We do not underestimate the difficulties of legislating on this subject. In addition to the inevitable confrontation with the ethical and moral issues involved, there is the question of the wisdom and effectiveness of regulating a matter so private, yet of such public interest. Legislative consideration of surrogacy may also provide the opportunity to begin to focus on the overall implications of the new reproductive biotechnology- in vitro fertilization, preservation of sperms and eggs, embryo implantation and the like. The problem is how to enjoy the benefits of the technology-especially for infertile couples-while minimizing the risk of abuse. The problem can be addressed only when society decides what its values and objectives are in this troubling, yet promising, area.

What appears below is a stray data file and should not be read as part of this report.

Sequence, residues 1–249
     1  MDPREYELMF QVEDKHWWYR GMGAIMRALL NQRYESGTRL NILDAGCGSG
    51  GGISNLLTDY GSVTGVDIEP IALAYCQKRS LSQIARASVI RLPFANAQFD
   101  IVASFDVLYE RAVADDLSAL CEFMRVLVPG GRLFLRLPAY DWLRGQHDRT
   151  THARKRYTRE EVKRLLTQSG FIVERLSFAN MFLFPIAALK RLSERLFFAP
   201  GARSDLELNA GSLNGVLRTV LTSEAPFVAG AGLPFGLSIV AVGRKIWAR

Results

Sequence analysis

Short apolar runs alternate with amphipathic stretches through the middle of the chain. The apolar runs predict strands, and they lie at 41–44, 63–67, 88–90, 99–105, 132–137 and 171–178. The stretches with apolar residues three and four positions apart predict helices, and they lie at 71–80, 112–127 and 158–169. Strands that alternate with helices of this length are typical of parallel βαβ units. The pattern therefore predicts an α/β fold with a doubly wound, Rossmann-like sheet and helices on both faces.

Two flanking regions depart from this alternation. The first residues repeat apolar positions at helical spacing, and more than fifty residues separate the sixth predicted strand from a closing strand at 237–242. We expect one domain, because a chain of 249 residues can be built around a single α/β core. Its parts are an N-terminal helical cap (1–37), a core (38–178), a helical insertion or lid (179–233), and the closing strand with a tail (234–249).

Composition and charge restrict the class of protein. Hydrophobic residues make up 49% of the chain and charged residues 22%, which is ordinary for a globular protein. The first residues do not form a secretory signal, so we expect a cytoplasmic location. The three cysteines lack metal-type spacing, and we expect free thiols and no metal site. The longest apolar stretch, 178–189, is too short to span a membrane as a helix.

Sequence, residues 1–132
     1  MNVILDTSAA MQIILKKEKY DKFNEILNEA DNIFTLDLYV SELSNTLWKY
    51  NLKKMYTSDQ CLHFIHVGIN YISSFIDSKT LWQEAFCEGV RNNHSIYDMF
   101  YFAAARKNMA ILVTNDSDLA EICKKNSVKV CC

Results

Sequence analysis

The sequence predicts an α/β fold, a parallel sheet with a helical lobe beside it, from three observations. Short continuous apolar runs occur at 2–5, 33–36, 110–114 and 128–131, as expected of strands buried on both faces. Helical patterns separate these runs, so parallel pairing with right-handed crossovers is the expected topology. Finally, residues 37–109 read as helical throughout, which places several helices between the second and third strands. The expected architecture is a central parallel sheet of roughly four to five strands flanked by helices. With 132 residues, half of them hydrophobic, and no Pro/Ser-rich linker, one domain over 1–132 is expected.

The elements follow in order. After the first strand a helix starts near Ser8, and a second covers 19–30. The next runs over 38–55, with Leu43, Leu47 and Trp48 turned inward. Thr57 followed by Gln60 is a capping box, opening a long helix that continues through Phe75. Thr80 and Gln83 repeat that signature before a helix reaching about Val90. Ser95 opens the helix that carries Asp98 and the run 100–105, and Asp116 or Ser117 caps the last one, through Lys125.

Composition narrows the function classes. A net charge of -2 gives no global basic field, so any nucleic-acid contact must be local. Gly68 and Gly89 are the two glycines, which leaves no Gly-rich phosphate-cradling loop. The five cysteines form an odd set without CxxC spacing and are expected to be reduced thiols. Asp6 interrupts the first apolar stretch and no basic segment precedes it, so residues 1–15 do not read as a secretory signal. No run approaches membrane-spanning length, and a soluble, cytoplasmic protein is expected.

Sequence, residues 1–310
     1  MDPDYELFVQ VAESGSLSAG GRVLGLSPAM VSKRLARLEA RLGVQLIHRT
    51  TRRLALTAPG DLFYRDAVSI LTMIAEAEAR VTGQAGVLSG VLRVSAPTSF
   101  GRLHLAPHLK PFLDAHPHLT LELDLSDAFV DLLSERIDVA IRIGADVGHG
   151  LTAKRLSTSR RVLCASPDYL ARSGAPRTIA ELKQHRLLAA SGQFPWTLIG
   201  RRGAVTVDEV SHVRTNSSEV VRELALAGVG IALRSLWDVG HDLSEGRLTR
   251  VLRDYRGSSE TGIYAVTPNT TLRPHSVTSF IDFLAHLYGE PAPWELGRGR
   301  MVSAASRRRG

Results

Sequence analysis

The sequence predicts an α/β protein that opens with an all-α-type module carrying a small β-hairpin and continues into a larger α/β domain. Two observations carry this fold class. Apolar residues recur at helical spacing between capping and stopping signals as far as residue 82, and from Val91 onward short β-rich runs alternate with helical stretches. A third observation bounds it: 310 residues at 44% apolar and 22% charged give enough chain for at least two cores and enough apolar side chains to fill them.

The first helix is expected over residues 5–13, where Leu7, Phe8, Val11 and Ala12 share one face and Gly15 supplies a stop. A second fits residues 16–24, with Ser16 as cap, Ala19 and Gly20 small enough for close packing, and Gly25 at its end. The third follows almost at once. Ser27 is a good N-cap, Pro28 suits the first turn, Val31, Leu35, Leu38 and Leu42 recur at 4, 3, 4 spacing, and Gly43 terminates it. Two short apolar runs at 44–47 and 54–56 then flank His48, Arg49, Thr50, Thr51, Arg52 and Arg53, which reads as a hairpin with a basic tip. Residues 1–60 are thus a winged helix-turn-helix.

35 Jurimertics Journal 17-29 (1994)
Palmer, Larry I., "Who Are the Parents Biotechnological Children?" (1994). Faculty Publications. 531.